Are you searching for something different and entertaining? This vine really makes a statement. Native in the Chesapeake watershed, maypop or purple passion flower vine (Passiflora incarnata) is easy to grow in full sun or part shade and adds pizzaz. The flowers look like dancing ballerinas more suited to the tropics than the mid-Atlantic. This vine is native to the eastern and southern U.S.
In our area, maypop is perennial and dies to the ground at first frost. It will easily climb a trellis by July. The flowers produce fruit as early as late June. The Missouri Botanical Garden says a jelly can be made from the fruits. I have never tried that as I can’t resist showing everyone how the fruits “pop!” If you want to get kids interested in gardening, this plant is extremely helpful.
Passion flower vine is host to the larva of several butterflies and the fruit is attractive to birds. It entertains, grows easily, is unusual and supports wildlife.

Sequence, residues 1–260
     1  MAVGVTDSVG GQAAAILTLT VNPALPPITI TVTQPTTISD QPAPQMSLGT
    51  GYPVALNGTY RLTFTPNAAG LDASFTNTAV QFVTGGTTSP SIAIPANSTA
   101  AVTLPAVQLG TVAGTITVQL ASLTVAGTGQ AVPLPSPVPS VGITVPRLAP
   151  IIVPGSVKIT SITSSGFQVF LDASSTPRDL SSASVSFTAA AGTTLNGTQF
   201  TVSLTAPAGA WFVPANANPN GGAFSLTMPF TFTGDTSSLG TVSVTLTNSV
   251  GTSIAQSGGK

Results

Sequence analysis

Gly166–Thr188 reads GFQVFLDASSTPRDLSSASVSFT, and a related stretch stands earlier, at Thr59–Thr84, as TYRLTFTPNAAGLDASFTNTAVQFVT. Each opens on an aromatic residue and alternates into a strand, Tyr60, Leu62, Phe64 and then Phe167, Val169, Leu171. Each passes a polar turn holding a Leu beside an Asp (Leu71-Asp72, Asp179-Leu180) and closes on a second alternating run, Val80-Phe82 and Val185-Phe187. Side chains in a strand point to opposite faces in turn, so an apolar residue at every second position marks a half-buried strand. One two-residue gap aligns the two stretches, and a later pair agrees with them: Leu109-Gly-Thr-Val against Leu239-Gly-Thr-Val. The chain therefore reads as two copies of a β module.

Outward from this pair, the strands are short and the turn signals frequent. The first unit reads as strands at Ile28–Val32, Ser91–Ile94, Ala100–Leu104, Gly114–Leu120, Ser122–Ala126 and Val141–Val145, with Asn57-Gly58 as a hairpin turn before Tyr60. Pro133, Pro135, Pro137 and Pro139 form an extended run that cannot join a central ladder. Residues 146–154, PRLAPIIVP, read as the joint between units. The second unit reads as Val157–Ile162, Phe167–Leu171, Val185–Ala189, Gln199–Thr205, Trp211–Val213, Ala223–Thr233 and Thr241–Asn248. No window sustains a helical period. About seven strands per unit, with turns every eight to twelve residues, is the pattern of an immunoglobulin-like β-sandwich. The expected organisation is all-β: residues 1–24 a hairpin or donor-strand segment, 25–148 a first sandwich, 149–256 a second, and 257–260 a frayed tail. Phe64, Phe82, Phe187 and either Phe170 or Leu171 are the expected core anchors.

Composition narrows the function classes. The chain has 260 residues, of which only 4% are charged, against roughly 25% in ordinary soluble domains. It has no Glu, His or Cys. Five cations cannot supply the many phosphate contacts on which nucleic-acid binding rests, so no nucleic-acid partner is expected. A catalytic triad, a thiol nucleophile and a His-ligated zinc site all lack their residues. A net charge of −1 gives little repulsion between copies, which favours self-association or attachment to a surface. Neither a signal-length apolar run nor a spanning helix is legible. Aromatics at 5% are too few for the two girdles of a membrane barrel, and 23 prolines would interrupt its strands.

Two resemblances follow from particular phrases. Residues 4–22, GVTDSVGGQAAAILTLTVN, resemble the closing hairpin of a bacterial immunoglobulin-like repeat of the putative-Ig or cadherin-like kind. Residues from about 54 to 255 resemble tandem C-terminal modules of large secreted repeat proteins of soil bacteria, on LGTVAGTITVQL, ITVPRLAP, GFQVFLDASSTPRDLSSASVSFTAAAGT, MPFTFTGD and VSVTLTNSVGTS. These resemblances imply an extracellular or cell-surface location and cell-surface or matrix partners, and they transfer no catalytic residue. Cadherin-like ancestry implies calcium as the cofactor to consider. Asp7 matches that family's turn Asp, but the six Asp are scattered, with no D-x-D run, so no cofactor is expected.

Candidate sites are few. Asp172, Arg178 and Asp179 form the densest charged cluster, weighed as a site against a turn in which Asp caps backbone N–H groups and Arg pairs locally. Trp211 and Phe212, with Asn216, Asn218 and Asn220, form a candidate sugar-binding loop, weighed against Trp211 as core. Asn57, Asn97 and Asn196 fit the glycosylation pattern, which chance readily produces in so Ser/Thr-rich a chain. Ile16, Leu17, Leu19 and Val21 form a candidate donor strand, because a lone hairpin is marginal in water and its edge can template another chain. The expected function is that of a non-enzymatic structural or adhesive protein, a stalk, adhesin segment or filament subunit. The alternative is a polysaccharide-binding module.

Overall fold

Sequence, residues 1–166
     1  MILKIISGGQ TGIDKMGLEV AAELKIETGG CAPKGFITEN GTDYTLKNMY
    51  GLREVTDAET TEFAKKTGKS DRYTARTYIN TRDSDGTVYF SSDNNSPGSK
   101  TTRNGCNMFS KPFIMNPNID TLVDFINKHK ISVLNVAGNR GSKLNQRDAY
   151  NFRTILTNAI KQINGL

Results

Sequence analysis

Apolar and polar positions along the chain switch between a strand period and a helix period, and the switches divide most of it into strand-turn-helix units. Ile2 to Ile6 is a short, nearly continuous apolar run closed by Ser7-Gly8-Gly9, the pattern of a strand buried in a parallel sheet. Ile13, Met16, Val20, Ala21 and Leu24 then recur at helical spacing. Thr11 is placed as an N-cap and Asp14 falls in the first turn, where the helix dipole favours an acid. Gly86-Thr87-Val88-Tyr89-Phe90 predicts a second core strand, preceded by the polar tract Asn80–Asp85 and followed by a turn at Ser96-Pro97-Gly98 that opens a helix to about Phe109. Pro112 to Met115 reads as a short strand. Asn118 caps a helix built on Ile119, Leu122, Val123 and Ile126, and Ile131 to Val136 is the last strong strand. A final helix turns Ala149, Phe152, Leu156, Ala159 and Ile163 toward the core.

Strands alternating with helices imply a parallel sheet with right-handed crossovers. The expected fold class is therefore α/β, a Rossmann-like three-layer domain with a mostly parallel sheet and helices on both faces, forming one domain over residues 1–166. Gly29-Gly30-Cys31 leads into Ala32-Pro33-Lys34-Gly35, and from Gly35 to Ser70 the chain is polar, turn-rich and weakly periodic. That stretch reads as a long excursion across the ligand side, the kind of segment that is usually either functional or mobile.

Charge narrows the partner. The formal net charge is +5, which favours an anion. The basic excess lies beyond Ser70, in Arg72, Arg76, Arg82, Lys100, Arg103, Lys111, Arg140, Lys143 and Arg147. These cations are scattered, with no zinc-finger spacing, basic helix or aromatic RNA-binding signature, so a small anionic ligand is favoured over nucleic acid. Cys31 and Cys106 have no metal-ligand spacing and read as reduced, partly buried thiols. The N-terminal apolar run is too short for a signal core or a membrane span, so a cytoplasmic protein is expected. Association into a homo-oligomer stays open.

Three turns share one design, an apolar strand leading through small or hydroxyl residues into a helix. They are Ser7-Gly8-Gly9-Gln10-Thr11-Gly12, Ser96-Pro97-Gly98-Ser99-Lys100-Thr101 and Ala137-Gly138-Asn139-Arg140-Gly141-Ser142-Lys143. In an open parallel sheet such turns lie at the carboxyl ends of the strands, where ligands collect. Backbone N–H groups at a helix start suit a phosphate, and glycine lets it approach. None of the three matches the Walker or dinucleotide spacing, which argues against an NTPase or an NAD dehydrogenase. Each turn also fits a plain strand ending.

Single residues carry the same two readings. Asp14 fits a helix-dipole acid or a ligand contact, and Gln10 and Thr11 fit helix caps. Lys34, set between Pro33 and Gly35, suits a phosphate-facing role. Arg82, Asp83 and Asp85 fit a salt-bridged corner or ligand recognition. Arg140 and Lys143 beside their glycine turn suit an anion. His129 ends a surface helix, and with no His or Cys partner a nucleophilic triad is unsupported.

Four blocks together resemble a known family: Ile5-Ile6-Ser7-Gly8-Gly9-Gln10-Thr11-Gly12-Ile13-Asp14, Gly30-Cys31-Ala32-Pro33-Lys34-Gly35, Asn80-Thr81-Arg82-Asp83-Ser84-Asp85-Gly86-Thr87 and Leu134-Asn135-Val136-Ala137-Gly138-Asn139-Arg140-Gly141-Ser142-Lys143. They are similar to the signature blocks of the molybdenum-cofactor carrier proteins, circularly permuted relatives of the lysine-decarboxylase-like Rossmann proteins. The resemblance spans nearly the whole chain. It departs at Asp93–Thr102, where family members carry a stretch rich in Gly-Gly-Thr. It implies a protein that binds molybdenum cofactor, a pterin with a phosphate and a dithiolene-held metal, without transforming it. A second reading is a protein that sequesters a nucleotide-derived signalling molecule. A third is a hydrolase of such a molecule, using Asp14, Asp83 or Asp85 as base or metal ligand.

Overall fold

A growing note — ours is trained over a trellis. Occasionally, new tendrils of the plant pop up a few feet from the base and a little further from the trellis than ideal. We just pull those starts out – they are easy to pull and very manageable. The North Carolina Extension Service reports that it can be agressive. Colder climates seem to temper that tendency.
A buying note — this information is for the native vine (Passiflora incarnata). It’s important to know which passion flower vine you are buying. Some passion flower vines are described as growing up to 300′ a season … this native grows up to 25′ per season. Quite a difference!
Names and photos of the butterflies that use native passion flower as a host from the Lady Bird Johnson Wildflower Center.
Kollar Nursery in northern Maryland says they will have this vine available in September.
See fruit pop: